The final section of the unit addresses the movement in the earth’s crust. The earth’s crust is always moving, even if very slowly, Slight movements of the ground are called tremors. There are more than six million tremors a year in the earth’s crust. Although many of these tremors are too slight to be felt, there is an instrument called a seismograph which can measure these movements. The Richter scale reports a measure of how much energy an earthquake releases. Earthquakes are sudden, strong movements in the earth’s crust that cause much damage. It is believed that the pressures in the earth’s crust cause earthquakes. These pressures cause the earth’s crust to break at a weak point and as the crust breaks, it also moves. One part of the crust slides or slips along the other. The break in the earth’s crust is referred to as a fault and the movement of the ground along a fault is called faulting. Earthquakes are the result of faulting. An earthquake’s point of fracture is its focus, which may be shallow, intermediate or deep (down to about 400 mi or 650 km). Two kinds of shock waves are produced by an earthquake. Body waves travel through the rock itself. Surface waves travel only on the earth’s skin similar to the way waves travel in water. Compressional waves also known as P-waves produce push-pull forces. Distortional waves refer to secondary, shear or S-waves. They move in an up and down fashion, are slower and cause rock particles to oscillate at right angles to wave direction. Wave velocity increases with rock depth and density causing waves to be reflected and bent when they reach boundaries between two layers. Long waves or L-waves occur at the surface and they can be divided into waves that vibrate horizontally at right angles to their direction, and waves that move through ground just like waves move through the ocean. Seismic stations can plot the epicenter of an earthquake by timing the arrival of these waves. L-waves are responsible for landslides, avalanches and other earthquake damage.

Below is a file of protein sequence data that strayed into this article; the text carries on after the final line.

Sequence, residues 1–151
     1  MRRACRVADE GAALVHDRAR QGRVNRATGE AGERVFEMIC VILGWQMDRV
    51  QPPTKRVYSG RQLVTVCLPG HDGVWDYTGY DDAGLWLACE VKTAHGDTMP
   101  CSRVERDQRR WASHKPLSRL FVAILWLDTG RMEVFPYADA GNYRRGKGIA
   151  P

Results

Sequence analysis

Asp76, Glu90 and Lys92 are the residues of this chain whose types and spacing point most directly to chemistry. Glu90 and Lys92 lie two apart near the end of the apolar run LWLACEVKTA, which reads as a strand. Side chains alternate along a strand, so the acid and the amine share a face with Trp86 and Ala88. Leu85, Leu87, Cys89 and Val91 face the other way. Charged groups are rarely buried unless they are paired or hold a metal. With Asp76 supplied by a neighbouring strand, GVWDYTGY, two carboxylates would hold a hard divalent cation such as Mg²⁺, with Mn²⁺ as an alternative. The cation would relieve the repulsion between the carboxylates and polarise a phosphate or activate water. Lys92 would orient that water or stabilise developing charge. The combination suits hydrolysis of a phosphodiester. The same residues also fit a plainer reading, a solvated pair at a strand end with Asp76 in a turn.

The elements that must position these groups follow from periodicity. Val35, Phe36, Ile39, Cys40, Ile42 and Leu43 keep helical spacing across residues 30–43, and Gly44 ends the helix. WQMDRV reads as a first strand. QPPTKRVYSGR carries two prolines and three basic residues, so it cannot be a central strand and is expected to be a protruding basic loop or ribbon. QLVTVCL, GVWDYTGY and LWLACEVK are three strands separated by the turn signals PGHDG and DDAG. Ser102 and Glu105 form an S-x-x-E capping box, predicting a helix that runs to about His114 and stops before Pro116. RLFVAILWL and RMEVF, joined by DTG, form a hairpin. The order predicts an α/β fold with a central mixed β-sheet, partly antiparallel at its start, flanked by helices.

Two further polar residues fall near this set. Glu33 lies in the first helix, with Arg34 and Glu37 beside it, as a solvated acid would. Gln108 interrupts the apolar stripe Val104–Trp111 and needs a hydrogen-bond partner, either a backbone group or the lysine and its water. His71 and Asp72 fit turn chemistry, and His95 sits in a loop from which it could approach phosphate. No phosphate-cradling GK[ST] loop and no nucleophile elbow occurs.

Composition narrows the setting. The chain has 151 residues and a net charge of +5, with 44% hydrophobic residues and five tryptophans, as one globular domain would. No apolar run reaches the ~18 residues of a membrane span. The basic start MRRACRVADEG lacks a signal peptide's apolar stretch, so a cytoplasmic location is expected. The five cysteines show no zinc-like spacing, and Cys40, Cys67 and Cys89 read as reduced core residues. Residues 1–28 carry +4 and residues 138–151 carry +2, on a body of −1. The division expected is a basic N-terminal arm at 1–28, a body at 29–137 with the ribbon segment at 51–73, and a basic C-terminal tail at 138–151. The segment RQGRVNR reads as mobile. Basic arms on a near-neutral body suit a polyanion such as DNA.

As we study physical science we realize that we live in a world of waves. Water waves, sound waves, light waves, shock waves and heat waves are all linked to energy since all waves are basically pulses of energy. Waves disturbances are responsible for transferring energy from place to place. Any substance through which waves can travel is a medium. As a wave travels through a medium, only energy moves from one place to another. The particles of the medium remain in place and do not move forward with the wave. Every waves has three basic features. These features are amplitude, wavelength and frequency. Amplitude refers to the height of a wave, wavelength is the distance between two neighboring crests or troughs, and frequency refers to the number of complete waves passing a point in a given time. Waves directly influence erosion and the continual changing of the earth’s surface.